Caffeine Safe Limits: Calculate Your Safe Daily Dose
Enter your body weight to determine the safe amount of caffeine you can consume.
A safe caffeine limit is the amount of caffeine a person can consume without experiencing any caffeine overdose symptoms.
Determining a precise caffeine amount for everyone is challenging due to varying sensitivities and reactions based on age, medical history, and tolerance.
However, there is enough research available to make a recommendation based on an individual’s weight.
Caffeine amounts for healthy adults
The calculator takes the medical recommendation and adjusts for your own body weight.
400 mg caffeine is equivalent to:
- Five Shots of espresso
- Two 5 Hour Energy Shots
- One Starbucks Venti brewed coffee
- Two-and-a-half 16 fl oz Monster Energy Drinks
- Five 8 fl oz Red Bulls
- Twelve 12 fl oz Cokes
A review by the European Food Safety Authority concluded that a daily safe dose of 400 mg is safe for adults, and single doses of 200 mg at one time are fine for those engaging in exercise directly after the dose.
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Safe caffeine limits for children
Because children’s brains are continuing to develop and their bodies are still growing, limited caffeine is recommended.
A study from The University Children’s Hospital in Zurich showed the importance of sleep for a child’s developing brain. Caffeine can interfere with sleep, possibly hindering proper brain development.
Ages 12 and under
Caffeine isn’t recommended for children under 12.
Occasionally, some doctors may recommend caffeine for children diagnosed with ADHD, but generally, there really is no reason for children under 12 to consume caffeine.
For children four or older, an occasional caffeinated soda or chocolate treat will likely pose no concern, and around 45 mg per day¹ is recognized as a safe amount, but caffeine should not be a daily part of a child’s diet.
Although it’s preferable to restrict caffeine intake for this age group, the growing pressures on teenagers from marketing, school, sports, and work have led to a rise in their caffeine consumption.
Developing teens should have no more than 100 mg of caffeine daily² due to the importance of sleep, brain development, and possibly unknown medical conditions.
This is equivalent to about:
- 1.3 Shots of espresso
- 1.25 8 fl oz Red Bulls
- .5 of a 5 Hour Energy Shot
- .6 of a 16 fl oz can of Monster Energy Drink
- .2 of a Starbucks Venti brewed coffee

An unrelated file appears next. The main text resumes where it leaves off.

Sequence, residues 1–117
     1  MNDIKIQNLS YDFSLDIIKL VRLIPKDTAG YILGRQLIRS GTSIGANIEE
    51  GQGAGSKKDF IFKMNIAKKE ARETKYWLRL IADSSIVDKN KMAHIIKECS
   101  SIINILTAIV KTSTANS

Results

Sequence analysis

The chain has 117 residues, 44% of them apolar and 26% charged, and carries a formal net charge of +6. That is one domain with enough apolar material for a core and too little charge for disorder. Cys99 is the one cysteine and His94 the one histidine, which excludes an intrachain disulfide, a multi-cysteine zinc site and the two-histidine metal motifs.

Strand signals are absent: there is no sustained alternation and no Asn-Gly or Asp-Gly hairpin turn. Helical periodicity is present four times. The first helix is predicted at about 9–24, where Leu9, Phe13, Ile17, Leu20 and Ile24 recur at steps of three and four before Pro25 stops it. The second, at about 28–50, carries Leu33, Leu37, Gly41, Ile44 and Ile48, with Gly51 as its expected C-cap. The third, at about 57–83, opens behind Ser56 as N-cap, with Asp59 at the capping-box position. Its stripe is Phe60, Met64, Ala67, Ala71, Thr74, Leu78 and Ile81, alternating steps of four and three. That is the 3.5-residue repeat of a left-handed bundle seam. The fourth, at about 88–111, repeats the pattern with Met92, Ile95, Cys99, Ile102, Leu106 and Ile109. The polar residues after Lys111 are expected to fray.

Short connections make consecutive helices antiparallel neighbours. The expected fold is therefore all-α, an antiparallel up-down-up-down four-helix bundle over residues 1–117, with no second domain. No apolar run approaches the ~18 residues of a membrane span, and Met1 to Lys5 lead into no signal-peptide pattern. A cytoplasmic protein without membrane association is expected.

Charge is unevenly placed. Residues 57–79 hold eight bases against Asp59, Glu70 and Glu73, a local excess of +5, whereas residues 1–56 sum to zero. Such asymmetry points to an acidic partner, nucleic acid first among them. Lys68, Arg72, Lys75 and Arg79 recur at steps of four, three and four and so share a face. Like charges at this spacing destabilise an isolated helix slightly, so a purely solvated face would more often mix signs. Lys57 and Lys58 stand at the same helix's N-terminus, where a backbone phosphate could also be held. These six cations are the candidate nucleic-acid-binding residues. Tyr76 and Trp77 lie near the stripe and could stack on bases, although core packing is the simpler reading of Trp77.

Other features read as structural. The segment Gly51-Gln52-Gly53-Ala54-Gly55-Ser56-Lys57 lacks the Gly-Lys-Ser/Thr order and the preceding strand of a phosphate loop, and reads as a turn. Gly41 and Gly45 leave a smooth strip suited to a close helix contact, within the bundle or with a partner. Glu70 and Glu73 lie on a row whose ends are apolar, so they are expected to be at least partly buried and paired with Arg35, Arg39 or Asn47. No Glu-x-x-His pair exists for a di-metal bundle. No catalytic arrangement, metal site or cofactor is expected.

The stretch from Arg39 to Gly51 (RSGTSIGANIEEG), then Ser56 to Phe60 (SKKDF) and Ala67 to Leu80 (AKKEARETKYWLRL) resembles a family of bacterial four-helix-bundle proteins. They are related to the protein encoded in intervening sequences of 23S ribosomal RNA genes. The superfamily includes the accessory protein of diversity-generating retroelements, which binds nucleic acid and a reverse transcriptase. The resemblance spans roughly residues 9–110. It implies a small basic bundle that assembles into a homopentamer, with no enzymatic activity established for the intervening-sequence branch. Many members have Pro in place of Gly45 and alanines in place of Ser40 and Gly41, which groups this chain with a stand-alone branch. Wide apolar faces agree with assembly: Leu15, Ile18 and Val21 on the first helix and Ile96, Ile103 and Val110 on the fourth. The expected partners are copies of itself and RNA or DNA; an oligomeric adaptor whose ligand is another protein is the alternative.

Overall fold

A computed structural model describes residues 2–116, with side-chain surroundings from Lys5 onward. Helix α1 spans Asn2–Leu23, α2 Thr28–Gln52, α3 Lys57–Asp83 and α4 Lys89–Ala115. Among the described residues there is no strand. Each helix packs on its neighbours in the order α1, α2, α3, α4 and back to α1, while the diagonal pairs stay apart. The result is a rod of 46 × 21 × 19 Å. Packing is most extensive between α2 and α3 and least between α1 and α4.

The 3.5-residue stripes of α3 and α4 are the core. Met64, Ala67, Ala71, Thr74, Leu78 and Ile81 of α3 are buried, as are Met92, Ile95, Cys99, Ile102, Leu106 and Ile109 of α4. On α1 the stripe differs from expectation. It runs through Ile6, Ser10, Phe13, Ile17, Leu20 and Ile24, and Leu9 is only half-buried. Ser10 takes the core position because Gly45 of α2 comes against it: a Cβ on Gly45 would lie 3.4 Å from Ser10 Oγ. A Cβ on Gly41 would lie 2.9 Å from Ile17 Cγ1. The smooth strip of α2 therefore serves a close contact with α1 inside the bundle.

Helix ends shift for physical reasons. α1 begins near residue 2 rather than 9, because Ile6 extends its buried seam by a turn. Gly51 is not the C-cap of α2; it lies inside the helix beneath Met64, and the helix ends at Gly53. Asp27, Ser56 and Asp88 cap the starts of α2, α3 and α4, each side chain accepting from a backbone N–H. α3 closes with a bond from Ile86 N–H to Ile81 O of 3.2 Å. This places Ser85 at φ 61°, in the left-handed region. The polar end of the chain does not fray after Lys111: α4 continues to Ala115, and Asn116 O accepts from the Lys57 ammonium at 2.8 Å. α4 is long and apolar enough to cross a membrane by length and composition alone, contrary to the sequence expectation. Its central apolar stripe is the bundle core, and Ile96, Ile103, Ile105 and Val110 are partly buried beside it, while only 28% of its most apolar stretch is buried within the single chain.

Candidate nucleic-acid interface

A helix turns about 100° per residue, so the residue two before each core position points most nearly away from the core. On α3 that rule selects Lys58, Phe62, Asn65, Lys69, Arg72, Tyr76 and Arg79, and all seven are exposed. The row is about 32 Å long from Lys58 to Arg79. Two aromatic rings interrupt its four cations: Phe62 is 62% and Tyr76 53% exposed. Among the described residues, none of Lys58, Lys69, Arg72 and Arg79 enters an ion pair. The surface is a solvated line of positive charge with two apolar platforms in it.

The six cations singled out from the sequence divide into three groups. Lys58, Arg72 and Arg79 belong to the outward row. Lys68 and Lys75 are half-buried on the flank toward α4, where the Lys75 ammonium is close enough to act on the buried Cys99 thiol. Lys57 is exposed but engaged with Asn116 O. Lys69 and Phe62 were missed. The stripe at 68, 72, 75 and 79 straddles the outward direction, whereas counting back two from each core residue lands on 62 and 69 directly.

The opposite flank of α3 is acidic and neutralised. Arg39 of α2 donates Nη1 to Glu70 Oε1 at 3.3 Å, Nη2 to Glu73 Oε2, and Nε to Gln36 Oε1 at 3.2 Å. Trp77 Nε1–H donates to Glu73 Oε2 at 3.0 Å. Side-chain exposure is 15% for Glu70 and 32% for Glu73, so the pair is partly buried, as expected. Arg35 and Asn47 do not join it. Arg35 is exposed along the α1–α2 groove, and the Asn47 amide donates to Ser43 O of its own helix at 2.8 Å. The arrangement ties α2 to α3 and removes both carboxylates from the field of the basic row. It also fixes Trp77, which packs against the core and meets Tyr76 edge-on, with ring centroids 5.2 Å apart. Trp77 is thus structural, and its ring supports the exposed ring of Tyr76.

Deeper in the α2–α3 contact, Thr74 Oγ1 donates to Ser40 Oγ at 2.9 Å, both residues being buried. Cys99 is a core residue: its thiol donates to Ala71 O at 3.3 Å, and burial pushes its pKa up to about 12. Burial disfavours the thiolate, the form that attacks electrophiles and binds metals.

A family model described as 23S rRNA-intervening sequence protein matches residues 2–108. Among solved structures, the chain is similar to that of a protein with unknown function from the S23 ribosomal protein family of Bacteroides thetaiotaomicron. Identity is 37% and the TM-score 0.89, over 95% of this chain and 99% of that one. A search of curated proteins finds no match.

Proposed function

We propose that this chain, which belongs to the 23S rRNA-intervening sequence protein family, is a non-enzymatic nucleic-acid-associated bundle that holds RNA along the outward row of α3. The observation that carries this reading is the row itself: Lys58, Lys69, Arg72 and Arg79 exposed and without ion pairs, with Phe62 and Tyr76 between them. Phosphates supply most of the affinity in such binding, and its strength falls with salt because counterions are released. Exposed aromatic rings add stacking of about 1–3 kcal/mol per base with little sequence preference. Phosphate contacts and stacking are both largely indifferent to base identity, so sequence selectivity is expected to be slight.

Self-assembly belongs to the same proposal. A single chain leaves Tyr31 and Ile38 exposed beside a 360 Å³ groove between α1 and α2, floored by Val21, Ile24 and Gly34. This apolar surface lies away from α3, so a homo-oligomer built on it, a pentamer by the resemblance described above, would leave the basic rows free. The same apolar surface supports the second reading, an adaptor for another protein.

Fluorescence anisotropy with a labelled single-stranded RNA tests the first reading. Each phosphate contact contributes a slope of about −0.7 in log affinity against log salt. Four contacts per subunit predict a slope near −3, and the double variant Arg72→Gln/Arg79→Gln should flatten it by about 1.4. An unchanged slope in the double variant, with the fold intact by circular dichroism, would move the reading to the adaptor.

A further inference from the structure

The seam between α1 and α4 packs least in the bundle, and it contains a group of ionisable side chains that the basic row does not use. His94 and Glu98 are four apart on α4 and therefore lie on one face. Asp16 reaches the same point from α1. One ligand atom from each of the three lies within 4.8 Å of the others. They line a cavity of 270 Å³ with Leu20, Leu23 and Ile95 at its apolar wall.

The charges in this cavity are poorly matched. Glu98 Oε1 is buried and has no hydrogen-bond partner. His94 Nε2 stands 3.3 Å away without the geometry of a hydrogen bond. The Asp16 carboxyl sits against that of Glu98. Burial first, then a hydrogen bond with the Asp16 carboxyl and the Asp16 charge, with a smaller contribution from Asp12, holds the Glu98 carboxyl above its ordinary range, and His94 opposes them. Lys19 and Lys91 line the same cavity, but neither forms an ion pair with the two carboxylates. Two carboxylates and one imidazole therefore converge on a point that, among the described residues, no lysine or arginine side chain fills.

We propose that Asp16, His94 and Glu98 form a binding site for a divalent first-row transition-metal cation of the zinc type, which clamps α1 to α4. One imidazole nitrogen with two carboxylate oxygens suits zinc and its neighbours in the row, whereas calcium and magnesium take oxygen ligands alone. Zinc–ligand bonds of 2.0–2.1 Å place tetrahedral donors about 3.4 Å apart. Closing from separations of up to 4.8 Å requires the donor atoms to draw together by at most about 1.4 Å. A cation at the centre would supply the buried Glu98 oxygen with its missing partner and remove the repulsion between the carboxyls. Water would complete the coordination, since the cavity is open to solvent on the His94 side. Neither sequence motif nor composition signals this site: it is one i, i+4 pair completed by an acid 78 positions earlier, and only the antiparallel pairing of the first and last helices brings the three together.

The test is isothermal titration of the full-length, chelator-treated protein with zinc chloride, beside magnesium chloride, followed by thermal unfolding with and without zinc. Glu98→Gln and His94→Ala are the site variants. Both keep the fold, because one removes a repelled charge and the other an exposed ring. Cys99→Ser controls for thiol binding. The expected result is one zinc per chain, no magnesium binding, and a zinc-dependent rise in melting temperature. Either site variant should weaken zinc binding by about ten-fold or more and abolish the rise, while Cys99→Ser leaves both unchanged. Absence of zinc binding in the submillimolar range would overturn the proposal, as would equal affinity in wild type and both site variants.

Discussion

- Three 12 fl oz Cokes
The European Food Safety Authority recommends that for children ages 3-18; 3 mg of caffeine per kilogram of body weight seems safe (but cites that data is insufficient).
Example: A 44 lb / 20 kg child could safely consume 60mg of caffeine6.
Do you have any heart conditions?
Because caffeine is a stimulant, it increases heart rate as well as blood pressure. Therefore, those with heart arrhythmias³, murmurs, and hypertension should limit their caffeine intake.
Note that caffeine hasn’t been proven to cause arrhythmia, heart disease, or other heart-related problems.¹
Those with pre-existing arrhythmias, murmurs, and hypertension should limit caffeine to 200 mg daily and consult their physician before consuming caffeine.
Type 2 Diabetes
The majority of the research shows that caffeine doesn’t increase the risk of someone developing type 2 diabetes, but actually decreases risk.¹
However, those already diagnosed with type 2 diabetes should limit caffeine consumption because it can impair glucose metabolism in diabetics.4
Those with type 2 diabetes should restrict their consumption to 200 mg daily or follow their doctor’s instructions concerning caffeine intake.
Pregnant or nursing women
We have covered pregnancy and caffeine here.
200 mg of caffeine is equivalent to about:
- 2.6 shots of espresso
- 2.5 8 fl oz Red Bulls
- One 5 Hour Energy Shot
- .5 of a Starbucks Venti Brewed Coffee
- 1.25 16 fl oz Monster energy drinks
- Six 12 fl oz Cokes
Are you sensitive to caffeine?
For those ultra-sensitive to caffeine, it is hard to determine an exact limit.
Some people can have one cup of coffee (100 mg-120 mg) in the morning and still fail to get to sleep that evening. This is after the effects should have worn off (as it does for “normal” caffeine metabolizers).
If you choose to consume caffeine, do so in small amounts until you find the amount that works but doesn’t cause unwanted side-effects.
We suggest you start with 50 mg of caffeine daily and then slightly increase or decrease your consumption from there.
This is equivalent to about:
- 1.5 12 fl oz Cokes
- 1 4 fl oz brewed coffee. (not Starbucks)
- 1 8 fl oz strong black tea
- 1. Heckman, M. A., Weil, J. and De Mejia, E. G. (2010), Caffeine (1, 3, 7-trimethylxanthine) in Foods: A Comprehensive Review on Consumption, Functionality, Safety, and Regulatory Matters. Journal of Food Science, 75: R77–R87. doi: 10.1111/j.1750-3841.2010.01561.x Link
- 2. http://www.psychologytoday.com/blog/teen-angst/201305/over-caffeinated-teens
- 3. https://www.mja.com.au/journal/2001/174/10/caffeine-induced-cardiac-arrhythmia-unrecognised-danger-healthfood-products
- 4. http://care.diabetesjournals.org/content/27/8/2047.full
- 5. Leading image credit.
- 6. Seifert SM, Schaechter JL, Hershorin ER and Lipshultz SE, 2011. Health effects of energy drinks on children, adolescents, and young adults. Pediatrics, 127, 511-528. PDF
- 7. Average weight of human adult is 62kg Walpole, S. C., Prieto-Merino, D., Edwards, P., Cleland, J., Stevens, G., & Roberts, I. (2012). The weight of nations: an estimation of adult human biomass. BMC Public Health, 12(1), 439. LInk
- EFSA NDA Panel (EFSA Panel on Dietetic Products, Nutrition and Allergies), 2015. Scientific Opinion on the safety of caffeine. EFSA Journal 2015;volume(issue): 112 pp. doi:10.2903/j.efsa.2015. Link